Ten Facts about Le Mans
Country roads make up the majority of this famous racing course. It currently measures 13.6 kilometers, with more than 9 kilometers of the course closed to road traffic only during the race. This year’s course is the fourteenth variant to be driven. The most radical change was made in 1990 when the Mulsanne straight was slowed by the addition of two chicanes. Drivers used to be able to go full speed ahead for 5.8 kilometers. And so in 1971, for example, a
Nine of the top ten places in the overall rankings in 1983 went to the
With a fabulous average speed of 251.815 km/h, Hans-Joachim Stuck drove what is still the fastest lap time. He did so with a 962 C factory car in the qualifying back in 1985. The record may well last forever, thanks to the chicanes that were subsequently installed on the course.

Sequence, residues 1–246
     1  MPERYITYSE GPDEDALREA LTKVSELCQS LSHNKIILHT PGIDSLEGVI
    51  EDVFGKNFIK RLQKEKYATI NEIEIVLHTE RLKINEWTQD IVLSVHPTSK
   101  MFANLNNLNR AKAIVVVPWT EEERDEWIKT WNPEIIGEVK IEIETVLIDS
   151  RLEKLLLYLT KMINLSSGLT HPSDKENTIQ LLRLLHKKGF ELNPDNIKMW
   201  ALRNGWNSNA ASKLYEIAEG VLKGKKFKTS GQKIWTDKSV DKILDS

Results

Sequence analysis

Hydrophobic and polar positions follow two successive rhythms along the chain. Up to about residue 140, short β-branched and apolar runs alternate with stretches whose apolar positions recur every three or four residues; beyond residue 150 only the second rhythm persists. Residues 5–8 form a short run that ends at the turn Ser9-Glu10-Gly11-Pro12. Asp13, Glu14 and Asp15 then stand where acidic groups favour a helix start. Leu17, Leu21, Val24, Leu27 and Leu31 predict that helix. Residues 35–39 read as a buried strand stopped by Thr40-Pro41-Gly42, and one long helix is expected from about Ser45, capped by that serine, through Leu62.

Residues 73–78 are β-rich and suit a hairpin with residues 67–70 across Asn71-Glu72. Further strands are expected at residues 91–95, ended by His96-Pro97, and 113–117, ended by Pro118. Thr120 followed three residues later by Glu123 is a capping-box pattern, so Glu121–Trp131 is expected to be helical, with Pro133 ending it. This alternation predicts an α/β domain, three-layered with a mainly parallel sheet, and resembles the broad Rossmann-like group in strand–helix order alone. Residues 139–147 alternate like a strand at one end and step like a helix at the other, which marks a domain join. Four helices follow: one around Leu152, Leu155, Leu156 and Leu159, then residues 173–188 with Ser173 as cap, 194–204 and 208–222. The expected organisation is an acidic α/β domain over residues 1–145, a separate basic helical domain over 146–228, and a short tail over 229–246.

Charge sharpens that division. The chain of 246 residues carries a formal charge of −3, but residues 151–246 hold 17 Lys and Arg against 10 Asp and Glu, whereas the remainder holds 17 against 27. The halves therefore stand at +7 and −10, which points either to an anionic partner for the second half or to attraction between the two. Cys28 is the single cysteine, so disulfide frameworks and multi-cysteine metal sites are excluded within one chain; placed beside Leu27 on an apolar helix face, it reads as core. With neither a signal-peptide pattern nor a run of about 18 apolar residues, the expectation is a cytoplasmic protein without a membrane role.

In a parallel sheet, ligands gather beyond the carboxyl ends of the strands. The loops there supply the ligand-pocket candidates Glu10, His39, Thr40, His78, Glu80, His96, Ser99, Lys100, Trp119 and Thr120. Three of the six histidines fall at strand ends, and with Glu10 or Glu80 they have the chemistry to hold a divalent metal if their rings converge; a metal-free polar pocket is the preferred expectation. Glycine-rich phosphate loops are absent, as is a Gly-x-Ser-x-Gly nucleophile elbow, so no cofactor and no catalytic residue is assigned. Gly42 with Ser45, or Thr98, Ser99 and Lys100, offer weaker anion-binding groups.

The year 1966 marked the first time that a
A total of 812
The race traditionally takes place in June around the summer solstice, when the nights are the shortest. On June 14 in 2014, the sun will set at 9:55 p.m. and rise again at 5:53 a.m. on June 15. There will then be another nine hours and seven minutes until the finish.
With 16 overall wins and 103 class wins,
Up to and including 1969, the famous “Le Mans start” required drivers to run across the starting stretch to their cars, which were already lined up in position. Following a standing start in 1970, the race has since begun with a flying start.